While this is not in the book, if we turn to Notre Dame, in 2005, Edward Manier, much in the same way that Louis Wirth did at Chicago in the 1930s, led an effort to address what to his mind was cause for great concern: “there are four Thomist adjuncts teaching introduction to philosophy in the department.” The department initiated a year-long review of the syllabi of those Thomists, to make sure they were teaching philosophy in a way that was consistent with the standards of contemporary academic philo-sophism. In essence, Manier and his colleagues wanted to be sure that classical realism keep its place in the intellectual catacombs of the 21st Century.
American Catholics will recognize many of the names in this story: Jacques Maritain, Etienne Gilson, Mortimer Adler, Yves Simon, Ralph McInerny,… Our Catholic readers will definitely want to check it out.
And the big problem, or mystery, is that 1968 happened most everywhere. There was a ’68 in France, in Germany, in the U.S., in Mexico City, in Japan, and even—one could say—in Prague. There were smaller eruptions in England, in Canada, in Italy, etc. In each of these countries, the political narrative focuses on pretty much local concerns: In the U.S., it is a matter of racial justice and the Vietnam War. In Germany, it is a matter of the sons coming to realize the sins of the fathers during WWII. In France, it is a combination of Algerian decolonization and sexual freedom for students. And so on. The problem is that there are so many discreetly local “causes,” and yet there is a single, global “effect”—revolution by the young. For there to be so global an effect, there must be a global cause, I should think. What can it be?…
The only original speculation I could offer is that it might have had something to do with Vatican II. The thought would be that, ever since 1789, the West, broadly, had sought a happy medium between the poles of Revolution and Reaction, and the Catholic Church represented the latter pole. In Vatican II, the Church seemed suddenly to leave the field, or indeed, seemed to throw itself on to the other pole. This created a disorientation of the entire political spectrum—for where is the golden mean between the French Revolution and a no-less Revolutionary Church?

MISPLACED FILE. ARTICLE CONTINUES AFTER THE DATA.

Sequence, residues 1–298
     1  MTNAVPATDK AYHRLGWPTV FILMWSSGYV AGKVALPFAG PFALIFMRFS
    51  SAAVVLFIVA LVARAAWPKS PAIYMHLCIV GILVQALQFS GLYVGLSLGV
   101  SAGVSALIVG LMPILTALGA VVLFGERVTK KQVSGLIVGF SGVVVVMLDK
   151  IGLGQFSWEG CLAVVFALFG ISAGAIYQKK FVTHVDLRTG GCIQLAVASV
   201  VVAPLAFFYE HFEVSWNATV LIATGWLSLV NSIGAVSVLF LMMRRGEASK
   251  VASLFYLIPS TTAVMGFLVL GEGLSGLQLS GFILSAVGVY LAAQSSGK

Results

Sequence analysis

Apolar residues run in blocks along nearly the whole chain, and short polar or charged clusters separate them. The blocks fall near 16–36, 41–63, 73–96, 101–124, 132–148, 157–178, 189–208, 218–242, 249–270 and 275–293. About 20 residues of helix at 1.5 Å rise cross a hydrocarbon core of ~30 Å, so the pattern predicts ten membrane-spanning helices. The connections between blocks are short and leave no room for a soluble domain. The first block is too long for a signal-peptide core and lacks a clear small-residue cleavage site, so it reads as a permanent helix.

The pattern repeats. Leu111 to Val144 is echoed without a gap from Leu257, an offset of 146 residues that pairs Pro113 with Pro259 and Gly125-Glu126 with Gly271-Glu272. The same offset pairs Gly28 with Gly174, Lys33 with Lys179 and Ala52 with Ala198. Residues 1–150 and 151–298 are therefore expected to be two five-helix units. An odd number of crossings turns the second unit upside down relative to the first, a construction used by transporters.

Conciliar apologists often excuse Vatican II for all of the bad effects that directly followed it by saying that the Council just had the bad luck (pure coincidence!) of immediately preceding an unrelated anti-Christian cultural movement. If I’m right, the evil wrought by the Council extended even beyond the Church. The Church was (and, to an extent, still is) the only large institution pushing our civilization in a reactionary direction. When the Church let up in the fight, the culture lurched Left.
I feel somewhat foolish now for my earlier uncharitable ribbing of our shepherds in the Church, and bad enough that I took it to confession yesterday (and I offer my apologies to any readers scandalized by my gratuitous insults of the Lord’s anointed). Our bishops may often be silly, foolish old men, but we’re lucky to have them, especially in light of the alternative.
Speaking of which, check out Dr. Charlton’s remarks on the new head of the Church of England, Archbishop of Cantebury Justin Welby, the “inexperienced mediocrity” who looks like a state-sponsored therapist of questionable sexuality and sounds like a terminally anxious employer being threatened with a hostile work environment suit, whose duplicitous waffling will surely doom a Church that is already in decline and probably cannot survive a long reign by another pallid platitude-peddler.
Markku Siira, a Finnish traditionalist and an irregular pen-friend of mine, informs me of a new Finnish traditionalist web journal called Sarastus. If we have any Finnish-speaking readers, I encourage them to check it out.
The Last Psychiatrist is (probably) not one of us (hint: he describes himself as a “misanthropic rummie” who “looks like a mugshot”), but he is a brilliant mind with many flashes of insight into the pathology of modern living. Recurring themes include the pervasiveness of narcissism and the evils of establishment science and mainstream media. Check him out (but be wary, there’s some vulgarity).